I've been working full-time, preaching off-lectionary, planning a kitchen renovation, and continuing to try and stay in half-marathon shape -- all of which hasn't added up to a lot of energy for blogging. Never fear, I'm sure I'll return, maybe even next week when I'm back to lectionary preaching.
I'm also working on two writing assignments for Advent and Christmas resources -- which is beyond bizarre to be thinking of just after summer solstice. As pastors, we're always thinking a little bit "off-season," but this is just weird.
On the anniversary of Columbine, Newsweek had a poignant article about two pastors who were serving in the area at the time, and the toll that event took on their congregation's and their lives. Pastor Marxhausen, a Lutheran minister who presided at Dylan Kliebold's funeral, said "I learned how fear can take hold of a community. You have to be
prepared to hurt when you go into the ministry. But I never thought it
would hurt that much."
A few weeks ago I met a woman who was a youth minister at another local Lutheran church at the time of Columbine. When the crisis team from Lutheran Social Services came in to talk with her and other church leaders, they said bluntly, "Most of you will no longer be on staff here in two years." Their experience was that these events take an enormous toll on leaders, even if they are not the ones directly grieving the dead. All the anniversary reporting I've read confirms their prediction was true.
I thought of this this week when I learned that a gifted pastor I know is now senior pastor at Reformation Lutheran in Wichita, where Dr. Glenn Tiller was shot on Pentecost Sunday as he was ushering for his congregation. There are all kinds of ways in which the situation is not analogous, but the trauma is still profound. I'm praying for this congregation and its leaders that they can make it through the long road ahead.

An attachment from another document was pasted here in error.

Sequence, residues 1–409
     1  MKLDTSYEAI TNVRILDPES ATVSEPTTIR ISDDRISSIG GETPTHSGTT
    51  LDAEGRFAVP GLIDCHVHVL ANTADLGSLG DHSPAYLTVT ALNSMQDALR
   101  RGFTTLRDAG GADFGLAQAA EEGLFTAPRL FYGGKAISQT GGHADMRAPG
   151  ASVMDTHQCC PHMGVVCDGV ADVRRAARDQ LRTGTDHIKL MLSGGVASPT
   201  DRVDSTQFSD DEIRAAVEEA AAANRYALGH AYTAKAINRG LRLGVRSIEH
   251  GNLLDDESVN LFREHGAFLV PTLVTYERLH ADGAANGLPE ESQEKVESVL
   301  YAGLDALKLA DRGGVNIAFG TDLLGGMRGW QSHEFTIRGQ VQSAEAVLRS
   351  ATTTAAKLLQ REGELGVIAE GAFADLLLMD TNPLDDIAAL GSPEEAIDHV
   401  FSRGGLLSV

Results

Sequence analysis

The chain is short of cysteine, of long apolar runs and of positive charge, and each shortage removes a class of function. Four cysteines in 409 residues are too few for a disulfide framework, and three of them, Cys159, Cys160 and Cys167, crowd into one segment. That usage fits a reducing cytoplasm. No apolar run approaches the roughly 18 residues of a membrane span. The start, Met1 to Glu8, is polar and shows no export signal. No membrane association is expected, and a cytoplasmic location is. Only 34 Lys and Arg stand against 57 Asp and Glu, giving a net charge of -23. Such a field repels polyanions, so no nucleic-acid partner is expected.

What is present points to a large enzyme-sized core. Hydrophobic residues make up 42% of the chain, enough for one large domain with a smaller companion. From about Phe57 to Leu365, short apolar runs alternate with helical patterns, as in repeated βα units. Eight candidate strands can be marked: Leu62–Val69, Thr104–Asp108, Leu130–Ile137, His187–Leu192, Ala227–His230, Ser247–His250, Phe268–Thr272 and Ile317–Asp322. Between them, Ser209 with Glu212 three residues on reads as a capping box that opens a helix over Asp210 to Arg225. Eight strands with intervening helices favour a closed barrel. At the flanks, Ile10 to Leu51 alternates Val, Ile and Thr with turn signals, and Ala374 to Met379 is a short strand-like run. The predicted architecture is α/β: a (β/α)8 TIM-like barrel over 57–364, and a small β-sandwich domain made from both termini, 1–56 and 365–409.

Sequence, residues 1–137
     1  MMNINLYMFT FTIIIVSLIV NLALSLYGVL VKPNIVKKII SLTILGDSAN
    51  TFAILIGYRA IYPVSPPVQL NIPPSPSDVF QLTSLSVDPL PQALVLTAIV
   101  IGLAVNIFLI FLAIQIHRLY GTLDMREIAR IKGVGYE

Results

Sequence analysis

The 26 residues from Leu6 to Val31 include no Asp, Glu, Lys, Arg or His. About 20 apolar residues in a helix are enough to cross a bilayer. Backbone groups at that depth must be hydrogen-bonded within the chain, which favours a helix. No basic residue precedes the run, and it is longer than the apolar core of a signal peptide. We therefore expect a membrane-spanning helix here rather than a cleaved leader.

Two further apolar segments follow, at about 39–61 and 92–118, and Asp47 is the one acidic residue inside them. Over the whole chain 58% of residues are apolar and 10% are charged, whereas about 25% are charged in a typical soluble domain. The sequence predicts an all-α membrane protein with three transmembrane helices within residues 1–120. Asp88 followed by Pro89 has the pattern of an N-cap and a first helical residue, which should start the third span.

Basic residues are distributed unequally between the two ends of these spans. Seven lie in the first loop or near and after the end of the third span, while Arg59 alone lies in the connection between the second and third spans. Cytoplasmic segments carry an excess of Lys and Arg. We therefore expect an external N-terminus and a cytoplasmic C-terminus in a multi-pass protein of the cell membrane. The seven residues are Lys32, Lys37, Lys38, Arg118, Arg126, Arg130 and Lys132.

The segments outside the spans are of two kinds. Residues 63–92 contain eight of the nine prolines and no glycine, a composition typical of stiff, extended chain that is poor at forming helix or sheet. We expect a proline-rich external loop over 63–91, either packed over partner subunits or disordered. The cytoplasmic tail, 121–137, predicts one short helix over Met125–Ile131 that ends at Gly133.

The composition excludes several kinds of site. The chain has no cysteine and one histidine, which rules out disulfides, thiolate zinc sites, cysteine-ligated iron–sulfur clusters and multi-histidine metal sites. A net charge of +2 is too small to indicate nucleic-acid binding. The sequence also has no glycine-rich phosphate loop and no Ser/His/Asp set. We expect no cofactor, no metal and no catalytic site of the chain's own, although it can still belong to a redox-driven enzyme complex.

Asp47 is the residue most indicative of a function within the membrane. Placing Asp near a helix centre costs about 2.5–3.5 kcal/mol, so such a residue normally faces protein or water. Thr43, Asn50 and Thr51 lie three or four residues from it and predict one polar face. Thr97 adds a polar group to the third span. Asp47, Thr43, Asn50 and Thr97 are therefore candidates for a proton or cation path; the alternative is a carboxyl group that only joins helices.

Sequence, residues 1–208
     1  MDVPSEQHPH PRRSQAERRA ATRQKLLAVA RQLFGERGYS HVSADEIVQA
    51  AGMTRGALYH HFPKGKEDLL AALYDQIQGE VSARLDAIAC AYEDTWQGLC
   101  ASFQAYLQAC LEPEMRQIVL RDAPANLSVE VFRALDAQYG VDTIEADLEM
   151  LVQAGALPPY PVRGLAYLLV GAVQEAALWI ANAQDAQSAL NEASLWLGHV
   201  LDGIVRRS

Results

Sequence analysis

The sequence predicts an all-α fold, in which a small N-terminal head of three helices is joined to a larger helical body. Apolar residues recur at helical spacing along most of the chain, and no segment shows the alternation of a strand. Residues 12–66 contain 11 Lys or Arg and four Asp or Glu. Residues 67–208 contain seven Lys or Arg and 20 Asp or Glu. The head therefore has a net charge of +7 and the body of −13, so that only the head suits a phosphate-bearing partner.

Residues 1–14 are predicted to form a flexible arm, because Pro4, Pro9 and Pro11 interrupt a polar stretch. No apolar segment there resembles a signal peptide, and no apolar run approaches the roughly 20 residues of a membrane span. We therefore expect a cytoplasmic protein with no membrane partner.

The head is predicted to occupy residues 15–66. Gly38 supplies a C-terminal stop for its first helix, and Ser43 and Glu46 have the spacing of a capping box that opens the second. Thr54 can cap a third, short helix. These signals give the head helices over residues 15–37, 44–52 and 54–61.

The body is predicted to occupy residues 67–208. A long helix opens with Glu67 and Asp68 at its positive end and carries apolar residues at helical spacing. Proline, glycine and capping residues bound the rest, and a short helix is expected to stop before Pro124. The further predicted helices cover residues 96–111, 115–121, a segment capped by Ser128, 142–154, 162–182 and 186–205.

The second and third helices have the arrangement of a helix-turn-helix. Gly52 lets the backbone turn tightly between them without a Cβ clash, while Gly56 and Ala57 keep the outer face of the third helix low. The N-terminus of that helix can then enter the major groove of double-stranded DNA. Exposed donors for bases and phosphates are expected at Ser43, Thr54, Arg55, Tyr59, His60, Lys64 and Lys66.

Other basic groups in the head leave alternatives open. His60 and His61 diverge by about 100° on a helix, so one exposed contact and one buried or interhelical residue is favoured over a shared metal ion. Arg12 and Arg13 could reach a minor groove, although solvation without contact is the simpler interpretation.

When I moved to Minnesota, I was astonished by the sacrosanct nature of the
Graduation Open House. The rules:
1. Every student must
have one (or share one with a friend or two).
2. Everyone -- not just family -- must be invited.
3. Vast quantities of
food must be offered.
4.. All partiesmust
happen on the same weekend.
Needless to say, this makes for a lot of stops in one
weekend, if you're pastor of a congregation with more than a couple high school
This year even more than most, I have connections with more
high school students than someone my age would normally have. I've been to Boston and China with
these graduates. Many of them have baby-sat my kids. I've confirmed them and
watched their various abilities grow and griped at them for wearing flip-flops in inappropriate places.
If I weren't a pastor, I don't imagine I'd be spending much
of this weekend going to parties. We know only one couple our age who --
because they married right out of college -- have kids that age. I suppose, without
the church, we would have found
babysitters somehow. But without this community, my daily life would not bring me into
relationship much with 18 year olds. What a gift that it does!
Many years (can it be ten??) ago I attended several events where leaders in what-came-to-be the Emergent movement gathered to talk about the future of the church. Many of them were Boomer-driven megachurch exiles who were sensing that the old/new Evangelical ways of being church were not working for younger generations, and perhaps weren't even faithful to the fullness of Jesus' message.
I met some wonderful people there: Doug Pagitt, Brian MacLaren, and others. But as a Lutheran woman it was a little like being a fish out of water. I had no goatee. The sacraments and Roman Catholic spiritual exercises were not exotic to me. And theologically my tradition had never bought the modernist-rational deal anyway.
In my current callings as pastor and Mom I have little space to connect deeply with emergent folk outside my immediate ministry circles, but I'm very excited about Chrisitanity 21, which will be held here in Minneapolis in October. All you have to do is read the list of speakers to know that this is not going to be the usual round of guys-with-big-churches instructing others on how church should be done. God be praised.
So, if you're coming into town for this, let me know. I'd love to see you. If you want to register, use the code "wordbyword" and if we get enough through this blog I can offer someone a scholarship to go (or even a free hotel room. . . ).